Many board members understand how motions work in practice, but might be hard put to define them. A motion is simply a proposal for action. A member of the board or group introduces her motion by saying, “I move that …” That’s all it takes.
Most new ideas are introduced for consideration by a motion. The member obtains recognition from the presider (the president, chair, or person running the meeting). Given permission to speak, he states his motion. If another member is interested in discussing the motion, he says “second.” The presider then states the motion, and discussion can begin.
Members have surprising latitude to propose motions under Robert’s Rules. Motions can be introduced only when no other business is pending, and in accord with an adopted agenda if there is one, but anybody can propose that the group take action. It’s not some special privilege reserved to the chair, for instance, as one group mistakenly thought.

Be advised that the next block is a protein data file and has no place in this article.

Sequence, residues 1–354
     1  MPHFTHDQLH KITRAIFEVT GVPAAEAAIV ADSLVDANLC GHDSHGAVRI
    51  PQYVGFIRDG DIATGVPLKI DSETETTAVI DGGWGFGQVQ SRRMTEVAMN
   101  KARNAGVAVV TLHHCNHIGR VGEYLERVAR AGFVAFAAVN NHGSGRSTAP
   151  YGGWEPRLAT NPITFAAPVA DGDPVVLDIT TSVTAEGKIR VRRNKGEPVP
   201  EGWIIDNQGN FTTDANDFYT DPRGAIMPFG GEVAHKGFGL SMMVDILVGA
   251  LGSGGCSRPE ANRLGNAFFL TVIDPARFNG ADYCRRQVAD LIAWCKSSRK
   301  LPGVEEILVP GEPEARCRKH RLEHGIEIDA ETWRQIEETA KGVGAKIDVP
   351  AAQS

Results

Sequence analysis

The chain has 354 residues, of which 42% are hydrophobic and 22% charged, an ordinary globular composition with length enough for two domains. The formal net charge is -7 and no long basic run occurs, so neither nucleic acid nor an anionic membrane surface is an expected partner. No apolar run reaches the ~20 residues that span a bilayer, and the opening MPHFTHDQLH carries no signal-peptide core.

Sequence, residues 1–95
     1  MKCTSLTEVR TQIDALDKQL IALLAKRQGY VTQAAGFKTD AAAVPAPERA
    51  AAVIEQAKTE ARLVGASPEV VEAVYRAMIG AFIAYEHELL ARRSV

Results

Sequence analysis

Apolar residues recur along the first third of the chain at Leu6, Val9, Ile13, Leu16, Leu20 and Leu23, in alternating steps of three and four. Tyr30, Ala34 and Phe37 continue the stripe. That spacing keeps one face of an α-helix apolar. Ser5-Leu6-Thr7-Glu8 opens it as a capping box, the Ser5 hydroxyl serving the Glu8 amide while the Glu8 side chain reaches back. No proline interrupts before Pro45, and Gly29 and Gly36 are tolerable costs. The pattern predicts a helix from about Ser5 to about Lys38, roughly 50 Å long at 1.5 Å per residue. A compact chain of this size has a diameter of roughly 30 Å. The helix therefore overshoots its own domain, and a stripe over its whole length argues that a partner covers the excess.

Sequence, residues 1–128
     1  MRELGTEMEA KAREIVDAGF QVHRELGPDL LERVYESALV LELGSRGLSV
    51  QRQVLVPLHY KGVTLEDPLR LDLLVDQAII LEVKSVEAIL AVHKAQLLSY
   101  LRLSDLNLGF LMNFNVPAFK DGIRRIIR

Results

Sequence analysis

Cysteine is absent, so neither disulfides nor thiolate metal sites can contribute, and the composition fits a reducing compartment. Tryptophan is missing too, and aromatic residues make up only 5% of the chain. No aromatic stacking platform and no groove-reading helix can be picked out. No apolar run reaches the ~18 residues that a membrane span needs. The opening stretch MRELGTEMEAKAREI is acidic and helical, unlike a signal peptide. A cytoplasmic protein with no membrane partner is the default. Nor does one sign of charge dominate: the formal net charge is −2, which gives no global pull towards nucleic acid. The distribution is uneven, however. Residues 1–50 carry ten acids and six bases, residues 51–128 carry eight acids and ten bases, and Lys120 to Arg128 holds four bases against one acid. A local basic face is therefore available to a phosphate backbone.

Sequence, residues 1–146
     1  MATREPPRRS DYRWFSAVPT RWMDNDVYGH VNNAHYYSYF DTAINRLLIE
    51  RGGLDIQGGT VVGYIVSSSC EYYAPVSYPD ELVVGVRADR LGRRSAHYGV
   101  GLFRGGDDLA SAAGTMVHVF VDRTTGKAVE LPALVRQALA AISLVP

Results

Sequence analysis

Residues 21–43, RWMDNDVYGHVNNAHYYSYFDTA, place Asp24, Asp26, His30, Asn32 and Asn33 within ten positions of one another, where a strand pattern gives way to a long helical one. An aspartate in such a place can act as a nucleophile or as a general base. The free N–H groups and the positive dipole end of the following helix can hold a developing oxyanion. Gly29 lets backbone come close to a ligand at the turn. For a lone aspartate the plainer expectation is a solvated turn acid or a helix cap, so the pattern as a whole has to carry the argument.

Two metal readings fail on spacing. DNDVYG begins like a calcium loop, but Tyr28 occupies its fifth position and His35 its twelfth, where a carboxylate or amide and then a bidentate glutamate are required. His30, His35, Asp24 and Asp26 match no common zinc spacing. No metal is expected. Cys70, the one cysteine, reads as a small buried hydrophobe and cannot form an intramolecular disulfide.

I served as a public member on a state commission for a couple of years. When my term was over, another member commented that my willingness to speak up and say “I move that we do such and so” significantly improved the group’s work output. The body had a habit of studying issues at length. They were quite comfortable asking for more information, or postponing a topic until the next quarter’s meeting. This tendency might have been because half the members were judges, well versed in continuing cases, or it might have been the natural inertia that drags at public bodies. When you’re likely to take flak no matter which way you jump, it’s harder to make decisions.
We suggest that the etymology of the word “motion” can be a good reminder here. “Motion” comes from the past participle of “movere,” the Latin verb meaning “to move.” A motion is a proposal to move forward. Movement is necessary if we are going to prosper, in our organizations as in our lives.